The British Board of Film Censors (BBFC) laid out guidelines for pornographers this week that banned them from depicting a slew of sex acts – a few of which are used heavily in the BDSM and lesbian porn genres, including facesitting and fisting. Primary justifications included the need to protect minors from such images and the potential “life-endangering” nature of some acts. Critics of the guidelines, reports the Independent, think “the measures appear to take aim at female pleasure.”

The Audiovisual Media Services Regulations 2014, as it is officially called, was created through an amendment to the 2003 Communications Act and requires that video –on-demand online porn needs to adhere to the guide for DVD porn and refrain from depicting sex acts such as facesitting, fisting, BDSM role-playing, whipping/spanking, physical restraint and strangling.

As the Independent notes, the subgenre of “Femdom,” or feminine domination, will be “hit particularly hard” (no pun intended) by the regulations. The Independent also notes that the amendment seems to take issue with acts that focus on female pleasure, including fisting, which is an act seen primarily in lesbian porn; “facesitting,” seen primarily in BDSM porn in which women dominate men; and in images of female ejaculation. What’s interesting about the latter is that although so-called “female ejaculation” is conflated with female orgasm, it’s considered by some to simply be a way of making female orgasm more visible in porn as an analog to male ejaculation.

“There’s a long history of censoring or banning porn in the U.K., starting with the D.H. Lawrence novel ‘Lady Chatterley’s Lover,’” Cindy Gallop told the International Business Times. Gallop is a brand consultant who created MakeLoveNotPorn.com, a website that allows visitors to submit ideas and other content as a way of learning "about Porn World v Real World." She wants to disrupt the business model of porn in order to diversify its contents.

“The U.K. censorship is no more than usual, and actually it happens everywhere. It all stems from the ridiculous prudishness and hypocrisy our society has about wanting to never talk about sex. “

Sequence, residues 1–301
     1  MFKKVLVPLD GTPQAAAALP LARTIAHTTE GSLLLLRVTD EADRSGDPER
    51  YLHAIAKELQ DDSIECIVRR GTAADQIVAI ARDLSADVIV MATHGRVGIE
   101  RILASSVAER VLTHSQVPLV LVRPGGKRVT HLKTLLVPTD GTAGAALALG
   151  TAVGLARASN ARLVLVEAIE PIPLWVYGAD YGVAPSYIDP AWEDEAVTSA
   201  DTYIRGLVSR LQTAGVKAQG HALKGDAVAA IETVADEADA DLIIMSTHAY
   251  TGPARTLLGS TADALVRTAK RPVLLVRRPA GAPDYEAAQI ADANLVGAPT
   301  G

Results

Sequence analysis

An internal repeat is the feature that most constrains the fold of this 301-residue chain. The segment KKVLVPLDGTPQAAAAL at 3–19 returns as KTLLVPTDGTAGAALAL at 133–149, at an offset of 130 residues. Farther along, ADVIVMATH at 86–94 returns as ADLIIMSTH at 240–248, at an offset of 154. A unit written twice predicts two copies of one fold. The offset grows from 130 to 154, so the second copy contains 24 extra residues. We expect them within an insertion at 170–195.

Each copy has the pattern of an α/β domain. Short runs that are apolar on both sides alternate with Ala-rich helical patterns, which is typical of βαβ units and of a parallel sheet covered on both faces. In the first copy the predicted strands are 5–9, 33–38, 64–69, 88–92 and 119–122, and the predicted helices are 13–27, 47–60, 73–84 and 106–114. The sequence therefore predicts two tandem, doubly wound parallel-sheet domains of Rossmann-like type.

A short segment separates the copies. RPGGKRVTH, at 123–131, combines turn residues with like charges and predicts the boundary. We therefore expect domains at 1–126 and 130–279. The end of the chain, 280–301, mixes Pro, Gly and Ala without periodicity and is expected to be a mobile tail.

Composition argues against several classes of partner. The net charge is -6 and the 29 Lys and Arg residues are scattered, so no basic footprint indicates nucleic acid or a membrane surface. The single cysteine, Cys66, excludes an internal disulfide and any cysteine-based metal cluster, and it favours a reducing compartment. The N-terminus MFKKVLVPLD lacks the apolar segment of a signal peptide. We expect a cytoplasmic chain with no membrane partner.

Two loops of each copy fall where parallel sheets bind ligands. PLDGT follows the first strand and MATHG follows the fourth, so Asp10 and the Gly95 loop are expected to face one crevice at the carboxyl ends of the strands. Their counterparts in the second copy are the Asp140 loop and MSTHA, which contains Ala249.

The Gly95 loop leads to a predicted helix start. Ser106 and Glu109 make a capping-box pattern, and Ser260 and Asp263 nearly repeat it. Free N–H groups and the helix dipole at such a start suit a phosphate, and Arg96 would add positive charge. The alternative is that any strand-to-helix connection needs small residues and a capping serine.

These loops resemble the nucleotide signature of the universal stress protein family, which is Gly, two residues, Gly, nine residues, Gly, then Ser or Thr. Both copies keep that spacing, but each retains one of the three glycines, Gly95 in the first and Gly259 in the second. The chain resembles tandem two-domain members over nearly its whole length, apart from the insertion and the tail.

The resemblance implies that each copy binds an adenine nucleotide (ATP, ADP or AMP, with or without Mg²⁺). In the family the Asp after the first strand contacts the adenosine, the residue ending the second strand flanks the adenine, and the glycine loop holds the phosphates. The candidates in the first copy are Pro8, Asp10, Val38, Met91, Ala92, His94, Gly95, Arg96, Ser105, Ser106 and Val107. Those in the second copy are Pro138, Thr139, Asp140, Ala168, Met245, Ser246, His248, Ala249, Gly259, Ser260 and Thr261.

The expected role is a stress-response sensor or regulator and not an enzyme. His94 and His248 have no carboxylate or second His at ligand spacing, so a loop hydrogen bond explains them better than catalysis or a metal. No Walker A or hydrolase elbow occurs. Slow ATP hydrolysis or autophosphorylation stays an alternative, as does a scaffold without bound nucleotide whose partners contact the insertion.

Gallop isn’t surprised that some of the acts banned by the guidelines are images that represent female pleasure and power. “I don’t think any of this legislation is intentionally driven by misogyny or maliciousness, but remember, most porn is made by men for men and focused on male pleasure. So this porn is viewed by a legislative body dominated by men who are determining what we should or shouldn’t see."

Regarding the banning of images of “facesitting,” dominatrix porn producer Itziar Bilbao Urrutia, told Vice UK: "I mean, why ban facesitting? What's so dangerous about it? It's a harmless activity that most femdom performers, myself included, do fully dressed anyway. Its power is symbolic: woman on top, unattainable." Gallop told IBTimes that this genre of porn isn’t often brought up in anti-porn screeds that focus on porn’s degradation of women, because it subverts the mainstream porn notion of men on top.

“In all the shock and horror porn stories about how porn degrades women, no one writes about the huge genre of porn about the degradation of men. It’s a massive turn-on for some men to be dominated and insulted by women sexually,” Gallop said. “Everything we see in porn—someone enjoys it in real life. There is no such thing as ‘normal’ in sex."

Susie Bright, feminist sex writer, author of "Big Sex Little Death: A Memoir" and one of the first people to be called a “sex positive feminist,” told International Business Times that her books and films have been “banned in England and then unbanned and then banned again.”

She said that when the British Film Institute (BFI) helped her "smuggle" a lesbian film into the country to screen at the National Film Theatre, the entire audience gasped when they saw the image of an actual vagina during a female orgasm. “Sorry,” she joked, “but that’s what it looks like, people.”

Bright added, "There’s always been a tragic gap between the art of British stage and film-- a peerless tradition— and the senselessness and hubris of Victorian censorship. The BBFC has done nothing except exhibit their abysmal lack of sex and arts education. They don’t even know what it is they’re banning. There’s not a iconic writer or filmmaker of the past century who hasn’t found themselves earmarked by their idiocy."